Total ankle replacement

Total ankle arthroplasty

This operation is performed for symptoms caused by arthritis of the ankle.  Increasing pain and stiffness occurs as the joint surfaces get damaged.  With worsening arthritis, the pain can get so bad that it interferes with your life.  Pain killers may not help anymore and you struggle to walk any distance.  Uneven ground can be particularly difficult.  Surgery involves removing the joint surfaces and replacing it with an artificial joint.

Factors to Consider

You have been diagnosed with ankle arthritis.  It is likely that you have already tried non-surgical treatments for your ankle such as pain killers, footwear modification, physiotherapy and injections.  

If these measures have not improved your symptoms then the next logical step is to consider surgery.  An ankle replacement is a good operation to help with your symptoms and has the advantage of keeping movement in your joint.  It, however, is not appropriate for all patients with ankle arthritis.  Your surgeon will discuss whether an ankle replacement is appropriate for you.  an alternative option, if it is inappropriate, is to consider an ankle fusion. 

Description of Surgery

The operation is performed as an open procedure.  An incision is made down the front of the leg over the ankle.  The remaining joint cartilage is removed and the joint surfaces are prepared to accept the new prosthetic joint.  The position of the joint replacement is checked during the operation using x-rays.  The wound is then closed and a plaster is applied to protect the joint replacement for the first few weeks.

The operation takes about 2 hours.


The operation is usually performed under a general or spinal anaesthetic and so you will be given instructions as to when you need to stop eating and drinking (normally the night before) before you come into hospital.  

Your pain can be well controlled with local anaesthetic given during the operation.

What are the risks?

All operations involve an element of risk.  The risks for this particular operation are small but it is important that you are aware of them.

The risk of infection is small and is thought to be about 1%.  Most infections will settle simply with antibiotics.  Damage to nerves and blood vessels around the foot can occur but this is rare.  

Artifical joint replacements are not as good as your own joint and so will wear out in time.  80% of ankle replacements last 10 years.  The joint replacement can fail by becoming loose, dislocating or the joint bearing surfaces wearing out.  Arthritis in the neighbouring joints can also occur in time.  

Surgery to the ankle may increase the risk of developing a clot in your leg (DVT).  Your surgeon will assess your risk of this prior to surgery and may offer you blood thinning medication if your risk is considered high.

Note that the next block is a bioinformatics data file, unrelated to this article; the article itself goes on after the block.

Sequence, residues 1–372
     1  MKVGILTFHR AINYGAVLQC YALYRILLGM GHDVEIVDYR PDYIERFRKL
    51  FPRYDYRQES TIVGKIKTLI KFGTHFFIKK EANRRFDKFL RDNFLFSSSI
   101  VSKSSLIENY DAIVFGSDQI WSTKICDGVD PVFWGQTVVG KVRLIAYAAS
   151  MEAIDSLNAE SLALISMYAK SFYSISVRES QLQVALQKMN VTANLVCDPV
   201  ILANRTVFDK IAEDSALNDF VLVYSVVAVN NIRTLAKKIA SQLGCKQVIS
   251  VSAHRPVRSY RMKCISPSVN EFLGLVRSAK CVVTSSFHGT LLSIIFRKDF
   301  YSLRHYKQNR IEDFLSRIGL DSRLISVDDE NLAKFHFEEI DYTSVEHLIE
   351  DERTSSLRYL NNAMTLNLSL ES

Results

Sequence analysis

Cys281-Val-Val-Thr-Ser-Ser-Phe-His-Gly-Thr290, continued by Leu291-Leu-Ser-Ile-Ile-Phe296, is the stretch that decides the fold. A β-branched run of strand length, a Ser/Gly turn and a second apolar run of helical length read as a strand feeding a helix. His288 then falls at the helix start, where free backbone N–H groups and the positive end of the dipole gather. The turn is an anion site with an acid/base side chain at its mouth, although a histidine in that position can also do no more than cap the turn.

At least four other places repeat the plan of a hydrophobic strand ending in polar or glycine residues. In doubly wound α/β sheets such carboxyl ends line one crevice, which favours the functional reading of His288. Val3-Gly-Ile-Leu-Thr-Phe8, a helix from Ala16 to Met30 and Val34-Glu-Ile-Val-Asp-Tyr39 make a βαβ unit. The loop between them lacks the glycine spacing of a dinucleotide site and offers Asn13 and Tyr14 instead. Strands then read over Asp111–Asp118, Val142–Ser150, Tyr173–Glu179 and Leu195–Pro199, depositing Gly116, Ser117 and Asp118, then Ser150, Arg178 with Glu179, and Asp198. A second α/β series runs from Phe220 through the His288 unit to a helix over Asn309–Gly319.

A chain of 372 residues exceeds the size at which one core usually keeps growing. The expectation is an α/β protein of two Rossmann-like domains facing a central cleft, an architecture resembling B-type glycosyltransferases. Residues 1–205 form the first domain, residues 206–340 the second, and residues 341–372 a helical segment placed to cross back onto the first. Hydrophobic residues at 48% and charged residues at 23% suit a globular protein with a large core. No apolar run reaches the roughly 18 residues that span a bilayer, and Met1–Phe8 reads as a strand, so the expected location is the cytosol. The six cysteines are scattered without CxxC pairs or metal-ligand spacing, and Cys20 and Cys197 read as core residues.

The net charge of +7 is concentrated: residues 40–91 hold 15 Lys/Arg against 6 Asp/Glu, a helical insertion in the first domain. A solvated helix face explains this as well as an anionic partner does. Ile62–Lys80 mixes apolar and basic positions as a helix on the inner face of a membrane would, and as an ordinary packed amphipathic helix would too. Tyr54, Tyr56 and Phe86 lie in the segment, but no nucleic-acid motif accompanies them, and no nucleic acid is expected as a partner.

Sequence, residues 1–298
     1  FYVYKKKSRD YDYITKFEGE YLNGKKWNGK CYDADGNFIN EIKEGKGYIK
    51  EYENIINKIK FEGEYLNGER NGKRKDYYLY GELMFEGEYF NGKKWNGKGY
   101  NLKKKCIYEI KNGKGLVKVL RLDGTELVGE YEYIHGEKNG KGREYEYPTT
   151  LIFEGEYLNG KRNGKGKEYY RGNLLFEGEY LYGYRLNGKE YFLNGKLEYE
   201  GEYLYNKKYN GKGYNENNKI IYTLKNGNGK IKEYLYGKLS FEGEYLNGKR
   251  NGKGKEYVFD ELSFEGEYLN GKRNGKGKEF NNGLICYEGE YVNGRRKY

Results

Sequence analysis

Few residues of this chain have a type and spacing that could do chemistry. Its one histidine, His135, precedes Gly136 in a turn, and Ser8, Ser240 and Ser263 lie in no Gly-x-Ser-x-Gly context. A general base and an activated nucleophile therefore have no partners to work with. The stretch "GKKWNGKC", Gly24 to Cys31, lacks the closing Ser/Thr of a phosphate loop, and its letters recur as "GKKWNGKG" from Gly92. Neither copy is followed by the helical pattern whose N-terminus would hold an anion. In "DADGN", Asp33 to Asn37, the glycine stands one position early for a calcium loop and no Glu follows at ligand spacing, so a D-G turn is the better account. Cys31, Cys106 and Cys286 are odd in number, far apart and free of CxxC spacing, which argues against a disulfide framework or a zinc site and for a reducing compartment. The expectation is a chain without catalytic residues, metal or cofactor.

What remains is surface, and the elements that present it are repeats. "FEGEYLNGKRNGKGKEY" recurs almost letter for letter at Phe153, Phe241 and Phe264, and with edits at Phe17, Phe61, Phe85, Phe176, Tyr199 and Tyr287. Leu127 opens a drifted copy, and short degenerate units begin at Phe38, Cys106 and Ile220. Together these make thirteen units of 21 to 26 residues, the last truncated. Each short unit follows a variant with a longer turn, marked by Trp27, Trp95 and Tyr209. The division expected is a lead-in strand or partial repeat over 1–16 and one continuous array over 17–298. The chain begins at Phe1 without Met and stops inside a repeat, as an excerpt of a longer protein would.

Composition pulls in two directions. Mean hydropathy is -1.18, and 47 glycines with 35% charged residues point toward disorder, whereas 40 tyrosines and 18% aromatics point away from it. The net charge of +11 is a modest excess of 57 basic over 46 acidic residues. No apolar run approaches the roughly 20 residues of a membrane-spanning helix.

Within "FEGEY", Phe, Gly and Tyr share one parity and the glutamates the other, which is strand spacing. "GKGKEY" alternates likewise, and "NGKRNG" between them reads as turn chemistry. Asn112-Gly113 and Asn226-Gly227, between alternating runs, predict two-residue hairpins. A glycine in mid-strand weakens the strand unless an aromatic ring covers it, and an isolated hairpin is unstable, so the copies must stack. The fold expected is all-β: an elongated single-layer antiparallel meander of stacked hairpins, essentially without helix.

After Surgery


Local anaesthetic will be used during the operation and so you will feel comfortable when you first wake up.  This can last up to 12 hours but the ankle may be sore after it wears off.  You will be given a combination of pain killers to go home with.  


You will wake up with your foot in a plaster.  Your foot will remain in plaster for the first 2 weeks and you will not be allowed to weight bear during this time.  The surgeon will give you instructions as to when you can start weight bearing as this will depend on the appearances on the Xray. You will be placed in a walking boot at 2 weeks and are likely to stay in this boot for up to 6-8 weeks following surgery.   


The physiotherapist should see you before the operation to explain some simple exercises you can do after the operation.  They will also ensure a physiotherapy appointment is made for you once the plaster has been removed.  Physiotherapy can be arranged local to you.  


You can drive when you feel you are safe to drive.  This means that you feel confident that you have full control of your car and are able perform an emergency stop.  This will vary between patients but normally takes about 8 weeks.  

Return to work

This depends on what your job is.  You should be able to return to a “desk job” within 6 weeks of your surgery.  If you have a more manual job it can take up to 12 weeks before you feel ready to return to work.  Please discuss this further with your surgeon or physiotherapist if you feel unsure.  A sick note can be given to you at the time of your surgery if required.  Please ask the nurses on the ward if you need one.

What to expect

Recovery following surgery can be quite variable but the expectation is that “it takes 3 months to be fair, 6 months to be good and 12 months to be right”.